65% of businesses want some change in employment law post-Brexit, survey finds
A survey conducted by GQ Employment Law suggests that only 5% of businesses are looking for major change in employment law post-Brexit – however 65% of employers do want to see some change.
GQ Employment Law says that, as the UK prepares to leave the EU, employers are expressing demand for significant change in only a few areas, such as discrimination law and sick leave.
GQ Employment Law says the key findings of the survey are:
- 5% want to see ‘dramatic’ or ‘substantial’ change in employment laws as a result of the UK leaving the EU; 65% want to see ‘some’ change
- 71% of respondents said they would like rules allowing long-term sick employees to roll over their annual leave to be removed;
- 65% said they would like to see changes to discrimination and equal pay laws. Of those, a 28% minority would like to see a cap on discrimination and equal pay awards;
- 56% would like requirements to pay employees an amount for overtime during holiday to be reversed;
GQ Employment Law comments that Brexit provides an opportunity for the government to work with businesses to ensure that employment laws take into account the needs of UK-based employers as far as possible.
It says that the requirement to roll over annual leave, for example, can often be a burden when calculating pay to employees who have had to take long-term sick leave – with administrative costs sometimes outweighing those associated with actually paying sick pay to employees.
GQ Employment Law explains that another example of where some employers feel employment law could be reviewed is uncapped discrimination and equal pay claims.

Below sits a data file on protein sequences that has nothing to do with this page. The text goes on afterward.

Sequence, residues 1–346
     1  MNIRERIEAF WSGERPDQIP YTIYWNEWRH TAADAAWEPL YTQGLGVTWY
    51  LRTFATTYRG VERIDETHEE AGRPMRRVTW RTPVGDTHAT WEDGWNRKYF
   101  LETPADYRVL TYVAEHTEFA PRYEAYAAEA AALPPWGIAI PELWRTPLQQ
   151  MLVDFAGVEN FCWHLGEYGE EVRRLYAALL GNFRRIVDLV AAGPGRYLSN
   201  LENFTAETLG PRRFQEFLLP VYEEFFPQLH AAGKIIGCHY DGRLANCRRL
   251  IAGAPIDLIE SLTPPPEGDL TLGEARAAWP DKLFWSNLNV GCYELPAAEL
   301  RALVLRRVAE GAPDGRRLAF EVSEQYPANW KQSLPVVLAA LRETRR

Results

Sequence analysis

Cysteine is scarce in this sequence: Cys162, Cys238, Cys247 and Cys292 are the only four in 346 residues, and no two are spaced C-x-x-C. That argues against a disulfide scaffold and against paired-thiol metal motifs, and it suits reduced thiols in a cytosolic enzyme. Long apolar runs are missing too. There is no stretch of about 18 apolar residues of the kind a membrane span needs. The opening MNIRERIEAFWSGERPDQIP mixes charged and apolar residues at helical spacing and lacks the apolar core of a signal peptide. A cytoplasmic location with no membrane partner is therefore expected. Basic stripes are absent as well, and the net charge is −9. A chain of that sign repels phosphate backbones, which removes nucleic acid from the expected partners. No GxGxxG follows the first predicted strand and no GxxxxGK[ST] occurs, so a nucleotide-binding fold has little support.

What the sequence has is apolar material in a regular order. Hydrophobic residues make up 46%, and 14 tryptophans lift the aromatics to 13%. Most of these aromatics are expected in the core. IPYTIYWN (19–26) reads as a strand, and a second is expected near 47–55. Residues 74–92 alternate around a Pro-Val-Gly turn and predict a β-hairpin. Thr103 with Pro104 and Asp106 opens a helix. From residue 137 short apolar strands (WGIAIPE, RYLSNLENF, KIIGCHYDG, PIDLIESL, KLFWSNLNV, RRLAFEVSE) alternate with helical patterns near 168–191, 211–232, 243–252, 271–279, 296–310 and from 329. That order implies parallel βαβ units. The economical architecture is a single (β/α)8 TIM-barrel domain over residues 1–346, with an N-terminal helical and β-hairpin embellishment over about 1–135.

Some employers have claimed that some employees have used the threat of uncapped damages, through a discrimination claim, as a way of forcing an employer to settle a claim.
Paul Quain, partner at GQ Employment Law, said, “Our survey backs the widely-reported view that business wants stability post-Brexit. While employers see Brexit as an opportunity for a review of EU employment law in some areas, in the main they are not looking for major change.
“The hope is likely to be that Brexit is seen as an opportunity to improve UK employment laws – making them as efficient, but also as fair, as possible to both employers and employees.
“Whilst in the grand scheme of things employment law is unlikely to be a key area of focus, it will be interesting to see what changes are, in fact, introduced – and how these are received by the UK’s business community.
“Our survey suggests that employers accept that many of the employment laws in the UK provide a minimum level of rights for employees so the government would need to approach reforms with caution.”
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